T.E.R:R.A.I.N - Taranaki Educational Resource: Research, Analysis and Information Network


Cardamine hirsute (Hairy Bittercress)

Kingdom: Plantae
(Unranked): Angiosperms
(Unranked): Eudicots
(Unranked): Rosids
Order: Brassicales
Family: Brassicaceae
Genus: Cardamine
Species: C. hirsuta
Binomial name: Cardamine hirsute
Common names: Hairy bittercress, Bittercress,. Bitter cress, land cress, lamb’s cress, flick weed

Cardamine hirsuta, is a winter annual plant native to Europe and Asia, but also present in New Plymouth and NZ as an invasive weed.
The plant is a member of the mustard family (Brassicaceae), and is edible as a bitter herb. It has tiny white flowers from July –December. The small four petalled white flowers are borne in a corymb on wiry green stems. These soon followed by the seeds and often continuing to flower as the first seeds ripen. The seed are borne in siliquae (narrow elongated seed capsule) 15 – 20mm long which, as with many Brassica species, will often burst explosively when touched, sending the seeds flying far from the parent plant.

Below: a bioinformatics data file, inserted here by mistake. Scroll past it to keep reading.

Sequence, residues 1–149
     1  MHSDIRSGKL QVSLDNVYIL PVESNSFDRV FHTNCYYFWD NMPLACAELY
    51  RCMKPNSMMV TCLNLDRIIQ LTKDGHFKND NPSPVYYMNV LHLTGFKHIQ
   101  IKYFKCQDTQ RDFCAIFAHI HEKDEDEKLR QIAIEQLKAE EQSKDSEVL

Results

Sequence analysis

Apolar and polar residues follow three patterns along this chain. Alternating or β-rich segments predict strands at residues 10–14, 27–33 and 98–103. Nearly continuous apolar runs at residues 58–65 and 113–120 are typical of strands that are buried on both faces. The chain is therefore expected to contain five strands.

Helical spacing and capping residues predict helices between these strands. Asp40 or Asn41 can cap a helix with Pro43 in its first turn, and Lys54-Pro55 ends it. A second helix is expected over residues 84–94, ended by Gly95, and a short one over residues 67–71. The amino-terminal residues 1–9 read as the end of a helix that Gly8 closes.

Seeds germinate in the autumn, and the tiny plants are green throughout the winter months.
Hairy Bittercress can be very invasive. This plant grows best in damp, recently disturbed soil. These conditions are prevalent in nursery or garden centre plants, and Hairy Bittercress seeds may be introduced with those plants. Once it is established, particularly in lawn areas, it is difficult to eradicate.
This plant is cited as one of the herbs invoked in the pagan Anglo-Saxon Nine Herbs Charm, recorded in the 10th century.

A young Cardamine hirsuta.


Closeup of the young leaves








Older leaves


The sparsely hairy mature leaves of Cardamine hirsute


Cardamine hirsute's   siliquae


One of Cardamine hirsute explosive pods has just sprung open and the seeds are about to drop out.